Cyber espionage war heats up.
The advisory reads that the "hackers are taking advantage and sending false emails and messages to install malicious app in the garb of enabling WhatsApp video feature."
NTISB has traced links of hackers and they originate from Mumbai. Reports said the 'hostile Indian agencies' were now using the cyber space to target Pakistan.
The malware sent through WhatsApp video calling can capture all data of the mobile and transfer data to the hacker.
The users, in case of any such cyber attack on their cell phone, should immediately reset to factory settings to neutralise the malware effect.
In November last year, Ministry of Information Technology and Telecommunications issued a web user advisory warning against a scam involving WhatsApp video calling.
It said "WhatsApp recently added fully encrypted video calling to its messaging app. However, scammers have exploited the rollout of the popular feature by circulating links inviting people to download it, in turn exposing personal details.
"By clicking the web link received through such an invite, the user is led to a legitimate looking process actually carried through a spoofed website carrying a malicious code. The process at the end asks the users to invite more friends which inevitably leads to further spread of the hack," a press release read.
"Keeping in mind the popularity of WhatsApp with messaging users, it is important that Pakistani users are aware of this scam so they can take immediate measures to limit exposure to its data protection consequences" a spokesman for Ministry of ITandT was quoted as saying.
It is to mention here that the Indian hackers have attacked and hacked more than 250 Pakistani websites. These websites included several government websites, including the websites of the President of Pakistan and Pakistan Railways.
The groups involved in these hacks on the websites go by the names, "The Mallu Cyber Soldiers," and, "Hell Shield Hackers." This counter-attack was launched after a user named "Faisal1337" hacked the website kerala.gov.in and posted derogatory messages against the Indian government. The message displayed the name of the hacker group, "Team Pak Cyber Attacker."
Immediately and in retaliation, The Mallu Cyber Soldiers claimed that they hacked over 100 Pakistani government websites... within 24 hours, more than 250 Pakistani websites were hacked by the Indian hackers.
The turf war between Indian and Pakistani hackers is a very common one. In May of last year, Pakistani hackers hacked the website Gaana.com and stole data belonging to more than 12.5 million subscribers. Prior to that, Pakistani hackers stole sensitive government information, which was detected by FireEye - an IT security firm.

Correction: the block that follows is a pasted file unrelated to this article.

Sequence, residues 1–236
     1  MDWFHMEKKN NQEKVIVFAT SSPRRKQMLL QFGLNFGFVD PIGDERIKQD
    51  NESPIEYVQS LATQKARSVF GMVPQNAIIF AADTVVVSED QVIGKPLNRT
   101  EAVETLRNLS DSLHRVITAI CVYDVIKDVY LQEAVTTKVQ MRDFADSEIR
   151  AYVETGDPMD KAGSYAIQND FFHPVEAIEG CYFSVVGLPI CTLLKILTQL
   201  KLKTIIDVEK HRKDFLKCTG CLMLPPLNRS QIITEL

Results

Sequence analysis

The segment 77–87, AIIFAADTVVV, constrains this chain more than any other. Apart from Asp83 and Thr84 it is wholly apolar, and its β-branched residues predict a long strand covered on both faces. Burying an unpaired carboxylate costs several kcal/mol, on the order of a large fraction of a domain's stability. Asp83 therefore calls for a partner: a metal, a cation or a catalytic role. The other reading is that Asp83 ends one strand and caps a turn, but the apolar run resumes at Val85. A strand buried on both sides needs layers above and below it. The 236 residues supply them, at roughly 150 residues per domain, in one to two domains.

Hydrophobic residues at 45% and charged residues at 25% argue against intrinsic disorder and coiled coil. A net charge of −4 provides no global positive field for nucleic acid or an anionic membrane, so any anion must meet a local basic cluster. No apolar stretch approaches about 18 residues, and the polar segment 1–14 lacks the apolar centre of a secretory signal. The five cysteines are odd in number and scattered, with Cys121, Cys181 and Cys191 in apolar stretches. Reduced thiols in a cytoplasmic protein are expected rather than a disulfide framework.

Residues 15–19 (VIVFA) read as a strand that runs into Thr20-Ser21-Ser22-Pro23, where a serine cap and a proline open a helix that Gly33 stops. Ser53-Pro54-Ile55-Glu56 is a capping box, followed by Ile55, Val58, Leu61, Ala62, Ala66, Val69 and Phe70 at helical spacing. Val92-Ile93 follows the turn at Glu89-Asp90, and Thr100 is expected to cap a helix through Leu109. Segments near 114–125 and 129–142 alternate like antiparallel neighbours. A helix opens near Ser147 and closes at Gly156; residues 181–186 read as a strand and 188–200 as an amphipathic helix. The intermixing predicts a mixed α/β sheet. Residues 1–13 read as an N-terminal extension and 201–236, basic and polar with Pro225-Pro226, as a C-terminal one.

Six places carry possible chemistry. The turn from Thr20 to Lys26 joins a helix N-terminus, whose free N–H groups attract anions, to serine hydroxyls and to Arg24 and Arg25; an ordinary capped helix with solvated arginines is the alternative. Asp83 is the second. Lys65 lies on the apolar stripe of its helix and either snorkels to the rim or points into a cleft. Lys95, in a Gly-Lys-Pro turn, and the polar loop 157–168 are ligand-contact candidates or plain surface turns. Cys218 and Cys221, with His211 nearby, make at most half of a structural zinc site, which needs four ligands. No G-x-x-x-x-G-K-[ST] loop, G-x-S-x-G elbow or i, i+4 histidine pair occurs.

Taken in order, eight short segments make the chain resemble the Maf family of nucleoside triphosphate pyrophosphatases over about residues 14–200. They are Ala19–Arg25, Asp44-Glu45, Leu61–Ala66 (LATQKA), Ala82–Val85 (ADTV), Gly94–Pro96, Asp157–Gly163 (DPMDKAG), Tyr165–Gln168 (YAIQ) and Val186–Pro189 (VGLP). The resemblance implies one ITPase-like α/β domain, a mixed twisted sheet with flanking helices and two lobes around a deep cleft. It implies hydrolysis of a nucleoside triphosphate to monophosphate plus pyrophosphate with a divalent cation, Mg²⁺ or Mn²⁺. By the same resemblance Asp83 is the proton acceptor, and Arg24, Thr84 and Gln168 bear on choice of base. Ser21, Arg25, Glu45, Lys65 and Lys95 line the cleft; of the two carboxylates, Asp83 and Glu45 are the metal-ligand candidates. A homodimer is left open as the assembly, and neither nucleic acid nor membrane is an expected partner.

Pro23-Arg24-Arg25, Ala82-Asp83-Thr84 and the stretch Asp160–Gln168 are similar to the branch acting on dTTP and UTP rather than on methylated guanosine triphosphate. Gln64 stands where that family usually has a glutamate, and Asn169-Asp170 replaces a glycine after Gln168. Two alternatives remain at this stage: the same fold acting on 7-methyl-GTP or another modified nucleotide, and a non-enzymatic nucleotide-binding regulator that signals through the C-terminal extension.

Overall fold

Unlike the real world, where there are various physical constraints, the cyber world has no boundaries. The fight often becomes intense when in cyberspace and there have been numerous instances when Pakistani hackers have attacked Indian websites and Indian hackers have retaliated. This time, however, the retaliation of the Indian attackers was swift and severe.
The cyber world is full of such instances where websites belonging to government bodies are hacked frequently. There have been several incidents of US government websites being hacked by Chinese hackers, as well as Russian hackers. The external conflict between India and Pakistan, however, is the major reason behind the animosity between Indian and Pakistani hackers.
The National Green Tribunal's website came under attack with Pakistani group hacking it and posting profanities, claiming it was an act of "revenge".
"We are Unbeatable. You... kill innocent people in Kashmir and call yourself defenders of your country. You...violate the ceasefire on border and call it 'Surgical Strikes'. Now kiss the burn of Cyber War," the hackers said in the post replete with expletives.
A day after the incident with the National Green Tribunal, another group hacked the website of a university and posted "Pakistan Zindabad" slogan on it.
Kerala University of Fisheries and Ocean studies (KUFOS) authorities said they filed a complaint with the cyber cell of the state police after the incident was noticed.
"Given the serious nature of the incident, we immediately alerted the security agencies. They had posted 'Pakistan Zindabad' slogan on our website," the university's registrar VM Victor George said. A group of Pakistani hackers have claimed that they have hacked 7,070 Indian websites and released a list of names.
Pakistani hackers tapped into the frequency on which pilots of Indian carriers landing into airports close to the LoC - Jammu and Thoise Air Force base - operate and blocked communication. The hackers then started transmitting Pakistani patriotic songs on the same frequency, which then played out in the cockpits.
This hampered the landing process for these pilots who found the songs irritating.
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|Date:||Jan 31, 2017|
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